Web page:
It’s not a crisis yet, but competition for refined petroleum products, especially diesel fuel, is intensifying, which means WA users (and that means most farmers, miners, and truck owners) are competing for an increasingly scarce and expensive imported fuel.

Another example is the coal-fired power stations at Collie; and while some people recoil at the mention of coal, they need to look at what’s happened in Europe, which moved too quickly to kill off its coal-fired power sector (and much of its nuclear power at the same time).

Today, there’s a rush under way to restore old coal-fired power stations, delay nuclear power closures and even build a new fleet of modern and smaller nuclear power stations.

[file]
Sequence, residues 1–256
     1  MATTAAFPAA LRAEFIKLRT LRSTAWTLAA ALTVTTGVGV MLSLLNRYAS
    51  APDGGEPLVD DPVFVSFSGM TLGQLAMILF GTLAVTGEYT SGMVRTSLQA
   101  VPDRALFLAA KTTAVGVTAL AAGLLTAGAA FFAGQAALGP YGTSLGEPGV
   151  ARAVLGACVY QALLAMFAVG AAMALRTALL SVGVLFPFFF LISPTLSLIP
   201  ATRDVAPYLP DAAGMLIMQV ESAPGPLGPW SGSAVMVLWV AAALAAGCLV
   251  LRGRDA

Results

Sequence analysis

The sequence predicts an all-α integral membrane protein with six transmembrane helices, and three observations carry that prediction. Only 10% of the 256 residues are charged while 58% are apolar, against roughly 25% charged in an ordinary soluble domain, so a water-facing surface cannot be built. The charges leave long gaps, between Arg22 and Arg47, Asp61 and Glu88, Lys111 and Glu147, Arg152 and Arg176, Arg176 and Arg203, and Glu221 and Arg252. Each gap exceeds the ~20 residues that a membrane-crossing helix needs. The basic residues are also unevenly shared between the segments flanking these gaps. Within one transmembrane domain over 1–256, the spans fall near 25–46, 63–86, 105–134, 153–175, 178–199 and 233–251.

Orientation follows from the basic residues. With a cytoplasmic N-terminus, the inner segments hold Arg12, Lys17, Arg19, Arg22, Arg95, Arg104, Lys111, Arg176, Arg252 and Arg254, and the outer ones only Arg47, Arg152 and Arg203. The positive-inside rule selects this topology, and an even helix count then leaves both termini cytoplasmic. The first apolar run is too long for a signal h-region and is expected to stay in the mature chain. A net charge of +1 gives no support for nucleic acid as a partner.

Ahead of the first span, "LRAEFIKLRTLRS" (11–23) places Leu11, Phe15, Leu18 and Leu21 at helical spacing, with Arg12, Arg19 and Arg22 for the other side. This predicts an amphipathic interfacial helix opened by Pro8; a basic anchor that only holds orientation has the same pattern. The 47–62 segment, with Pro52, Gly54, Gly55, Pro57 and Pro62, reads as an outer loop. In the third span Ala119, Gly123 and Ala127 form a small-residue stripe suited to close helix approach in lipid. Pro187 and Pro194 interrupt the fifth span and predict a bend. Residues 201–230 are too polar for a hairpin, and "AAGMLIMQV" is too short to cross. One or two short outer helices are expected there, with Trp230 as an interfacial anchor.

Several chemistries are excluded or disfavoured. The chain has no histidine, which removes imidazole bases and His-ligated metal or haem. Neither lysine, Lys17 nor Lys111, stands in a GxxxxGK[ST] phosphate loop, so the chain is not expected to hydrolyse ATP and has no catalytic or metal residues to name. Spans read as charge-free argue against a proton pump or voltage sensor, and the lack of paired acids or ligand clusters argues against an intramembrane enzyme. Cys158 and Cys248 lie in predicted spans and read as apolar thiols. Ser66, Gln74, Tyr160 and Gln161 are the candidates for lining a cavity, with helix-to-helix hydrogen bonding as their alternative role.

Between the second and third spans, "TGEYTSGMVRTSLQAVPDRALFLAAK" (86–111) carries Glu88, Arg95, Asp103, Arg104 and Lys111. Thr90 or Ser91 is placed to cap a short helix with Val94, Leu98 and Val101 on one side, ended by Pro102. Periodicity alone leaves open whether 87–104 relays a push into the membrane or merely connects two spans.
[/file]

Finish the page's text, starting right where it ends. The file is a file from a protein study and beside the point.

Gas, too, is being expanded after years of decline, as Britain toys with the idea of allowing the use of the controversial rock fracturing technology (fraccing) to produce more domestic gas.

Through good luck more than good management, WA is in a sweet spot as far as electricity production is concerned with abundant gas reserves, a growing fleet of wind turbines and solar panels, along with residual power coming from Collie coal.

 The temptation, especially for environmentally focused politicians, is to kill Collie.

But before they remove one of the three legs of a well-balanced and essential industry, they need to think about how the aforementioned moves in Europe have made life a misery for millions of people.

National security, a topic normally associated with the defence sector, is increasingly an economic issue thanks to the end of a 40-year era of globalisation.

Based on a Japanese-American theory of just-in-time manufacturing, the practice works well when trade is relatively free, tariffs low and countries behave in a civilised fashion.